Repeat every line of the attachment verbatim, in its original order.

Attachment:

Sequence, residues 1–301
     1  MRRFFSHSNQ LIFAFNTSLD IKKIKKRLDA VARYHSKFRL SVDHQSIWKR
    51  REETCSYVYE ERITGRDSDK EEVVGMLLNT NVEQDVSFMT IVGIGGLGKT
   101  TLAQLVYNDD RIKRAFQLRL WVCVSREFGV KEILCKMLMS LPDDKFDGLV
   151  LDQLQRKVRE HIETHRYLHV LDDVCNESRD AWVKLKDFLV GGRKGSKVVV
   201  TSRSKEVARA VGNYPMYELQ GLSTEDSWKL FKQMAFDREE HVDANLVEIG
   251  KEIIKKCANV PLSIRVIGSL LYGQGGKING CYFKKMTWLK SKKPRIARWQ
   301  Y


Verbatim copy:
Sequence, residues 1–301
     1  MRRFFSHSNQ LIFAFNTSLD IKKIKKRLDA VARYHSKFRL SVDHQSIWKR
    51  REETCSYVYE ERITGRDSDK EEVVGMLLNT NVEQDVSFMT IVGIGGLGKT
   101  TLAQLVYNDD RIKRAFQLRL WVCVSREFGV KEILCKMLMS LPDDKFDGLV
   151  LDQLQRKVRE HIETHRYLHV LDDVCNESRD AWVKLKDFLV GGRKGSKVVV
   201  TSRSKEVARA VGNYPMYELQ GLSTEDSWKL FKQMAFDREE HVDANLVEIG
   251  KEIIKKCANV PLSIRVIGSL LYGQGGKING CYFKKMTWLK SKKPRIARWQ
   301  Y